NEW YORK —
The USOC has since reached a revenue-sharing agreement with the IOC, ending a long-running dispute that contributed to the failed bids. With relations back on track and the USOC working to increase its international presence, the chances for a successful U.S. bid in 2024 are considered vastly improved.
“We’ve got plenty of time,” Blackmun told the AP. “There are no specific deadlines on this process.”
The USOC official said a joint bid can work in some geographical areas, citing the Bay Area and the cities of San Francisco, Oakland and San Jose as a “natural” possibility.
As for San Diego and Tijuana, he said, “That would have its challenges. We haven’t looked at it carefully. We just learned about it.”
Blackmun said he understood why Chicago is not interested in bidding again. The city spent about $90 billion on the 2016 bid and not even the presence of President Barack Obama at the IOC session in Copenhagen, Denmark, was enough to prevent the humbling defeat.
New York, meanwhile, could be a strong contender in 2024, Blackmun said.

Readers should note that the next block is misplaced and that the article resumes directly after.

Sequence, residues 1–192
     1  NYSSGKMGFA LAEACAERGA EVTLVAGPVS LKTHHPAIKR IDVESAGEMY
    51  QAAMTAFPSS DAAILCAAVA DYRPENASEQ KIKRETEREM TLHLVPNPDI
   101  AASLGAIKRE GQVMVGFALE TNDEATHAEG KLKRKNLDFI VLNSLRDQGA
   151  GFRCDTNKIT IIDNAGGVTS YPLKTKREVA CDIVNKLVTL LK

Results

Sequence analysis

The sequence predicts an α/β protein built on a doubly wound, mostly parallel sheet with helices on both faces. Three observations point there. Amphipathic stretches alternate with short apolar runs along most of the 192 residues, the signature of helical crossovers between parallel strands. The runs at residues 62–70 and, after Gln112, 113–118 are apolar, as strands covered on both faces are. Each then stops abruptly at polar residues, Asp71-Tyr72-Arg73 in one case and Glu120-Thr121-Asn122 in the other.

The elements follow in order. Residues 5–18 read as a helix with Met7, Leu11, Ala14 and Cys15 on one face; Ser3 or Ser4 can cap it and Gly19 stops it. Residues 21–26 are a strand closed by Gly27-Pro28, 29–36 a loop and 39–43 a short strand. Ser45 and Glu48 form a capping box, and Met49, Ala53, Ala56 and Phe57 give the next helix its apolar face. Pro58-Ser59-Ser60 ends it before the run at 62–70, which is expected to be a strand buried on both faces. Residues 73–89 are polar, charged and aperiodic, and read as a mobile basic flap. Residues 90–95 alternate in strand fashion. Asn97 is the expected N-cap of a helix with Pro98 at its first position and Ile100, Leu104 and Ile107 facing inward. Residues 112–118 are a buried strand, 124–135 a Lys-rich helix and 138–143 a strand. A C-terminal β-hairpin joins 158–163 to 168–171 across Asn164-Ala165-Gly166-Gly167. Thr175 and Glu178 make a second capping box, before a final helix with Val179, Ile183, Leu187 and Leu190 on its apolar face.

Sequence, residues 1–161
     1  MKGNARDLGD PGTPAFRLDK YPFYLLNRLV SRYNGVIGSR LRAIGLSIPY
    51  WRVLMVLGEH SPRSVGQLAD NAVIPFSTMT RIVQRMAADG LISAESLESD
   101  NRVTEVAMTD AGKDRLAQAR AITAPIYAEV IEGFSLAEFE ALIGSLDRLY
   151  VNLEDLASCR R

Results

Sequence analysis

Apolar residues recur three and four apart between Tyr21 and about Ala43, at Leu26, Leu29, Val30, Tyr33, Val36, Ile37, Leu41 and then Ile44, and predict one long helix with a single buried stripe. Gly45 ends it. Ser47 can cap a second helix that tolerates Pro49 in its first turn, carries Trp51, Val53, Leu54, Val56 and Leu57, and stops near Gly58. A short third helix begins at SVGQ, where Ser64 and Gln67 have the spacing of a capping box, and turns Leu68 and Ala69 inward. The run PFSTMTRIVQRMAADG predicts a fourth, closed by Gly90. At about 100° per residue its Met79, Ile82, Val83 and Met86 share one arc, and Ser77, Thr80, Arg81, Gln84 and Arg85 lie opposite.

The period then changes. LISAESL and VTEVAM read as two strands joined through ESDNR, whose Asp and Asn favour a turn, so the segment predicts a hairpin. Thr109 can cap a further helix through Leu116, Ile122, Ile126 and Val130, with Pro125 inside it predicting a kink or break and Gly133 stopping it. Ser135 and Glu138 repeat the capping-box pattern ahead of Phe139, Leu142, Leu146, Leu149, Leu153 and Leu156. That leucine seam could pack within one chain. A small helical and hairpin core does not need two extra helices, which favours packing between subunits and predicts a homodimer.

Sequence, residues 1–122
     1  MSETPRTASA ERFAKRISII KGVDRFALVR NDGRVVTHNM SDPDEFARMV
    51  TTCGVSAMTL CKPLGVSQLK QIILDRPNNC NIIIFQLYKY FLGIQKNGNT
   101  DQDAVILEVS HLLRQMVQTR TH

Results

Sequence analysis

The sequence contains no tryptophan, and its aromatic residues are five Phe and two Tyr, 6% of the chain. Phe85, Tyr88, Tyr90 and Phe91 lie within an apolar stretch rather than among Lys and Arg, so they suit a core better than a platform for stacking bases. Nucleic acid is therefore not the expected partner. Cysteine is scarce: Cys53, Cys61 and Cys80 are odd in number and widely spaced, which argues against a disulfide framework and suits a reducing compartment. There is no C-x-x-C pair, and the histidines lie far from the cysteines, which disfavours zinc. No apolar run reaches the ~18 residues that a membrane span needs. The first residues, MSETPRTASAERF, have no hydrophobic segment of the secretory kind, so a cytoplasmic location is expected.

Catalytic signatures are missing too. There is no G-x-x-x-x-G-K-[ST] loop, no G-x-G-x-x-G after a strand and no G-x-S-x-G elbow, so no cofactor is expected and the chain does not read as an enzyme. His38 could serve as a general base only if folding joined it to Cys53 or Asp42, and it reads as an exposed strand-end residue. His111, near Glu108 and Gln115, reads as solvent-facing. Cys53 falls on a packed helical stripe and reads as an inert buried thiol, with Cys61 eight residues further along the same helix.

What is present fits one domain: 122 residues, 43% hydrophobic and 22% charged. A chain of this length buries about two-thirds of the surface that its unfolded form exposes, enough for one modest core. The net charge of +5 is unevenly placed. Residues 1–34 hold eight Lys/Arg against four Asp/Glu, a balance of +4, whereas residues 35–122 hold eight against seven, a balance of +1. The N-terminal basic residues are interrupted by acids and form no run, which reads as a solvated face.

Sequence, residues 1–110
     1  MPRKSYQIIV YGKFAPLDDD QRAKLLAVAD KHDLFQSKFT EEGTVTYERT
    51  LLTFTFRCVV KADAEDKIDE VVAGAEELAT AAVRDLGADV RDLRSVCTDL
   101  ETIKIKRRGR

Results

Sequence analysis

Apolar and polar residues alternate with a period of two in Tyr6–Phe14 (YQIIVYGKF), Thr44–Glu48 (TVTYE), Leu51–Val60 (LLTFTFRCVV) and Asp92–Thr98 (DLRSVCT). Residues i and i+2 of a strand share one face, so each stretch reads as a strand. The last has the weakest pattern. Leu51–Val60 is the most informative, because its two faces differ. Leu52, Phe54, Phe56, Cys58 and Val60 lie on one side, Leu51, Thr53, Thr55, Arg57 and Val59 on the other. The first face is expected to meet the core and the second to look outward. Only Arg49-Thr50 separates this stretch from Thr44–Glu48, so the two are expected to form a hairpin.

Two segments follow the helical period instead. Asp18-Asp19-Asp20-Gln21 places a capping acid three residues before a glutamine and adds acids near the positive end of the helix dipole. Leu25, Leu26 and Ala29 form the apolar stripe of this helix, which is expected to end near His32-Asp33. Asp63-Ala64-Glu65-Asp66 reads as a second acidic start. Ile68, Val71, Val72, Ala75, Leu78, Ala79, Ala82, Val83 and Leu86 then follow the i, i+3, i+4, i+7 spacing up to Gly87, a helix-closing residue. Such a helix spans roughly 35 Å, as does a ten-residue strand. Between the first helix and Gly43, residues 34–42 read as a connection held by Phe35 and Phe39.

“New York is a global iconic city with a very diverse population and could do a fantastic job of hosting the games,” Blackmun said, adding a bid will likely depend on the result of the Big Apple’s mayoral election in November.
The USOC has said it plans to decide by the end of 2014 whether to submit a bid. The International Olympic Committee will select the 2024 host city in 2017. Other potential 2024 contenders include Paris and a city in South Africa.
“The games should definitely go to Africa someday,” Blackmun said. “If we bid for 2024, I hope they don’t go to Africa in 2024.”
On other issues, Blackmun said he supports keeping wrestling in the Olympics after the sport was removed from the program of the 2020 Games by the IOC executive board in February. Wrestling is now competing against seven other sports for an opening on the 2020 program.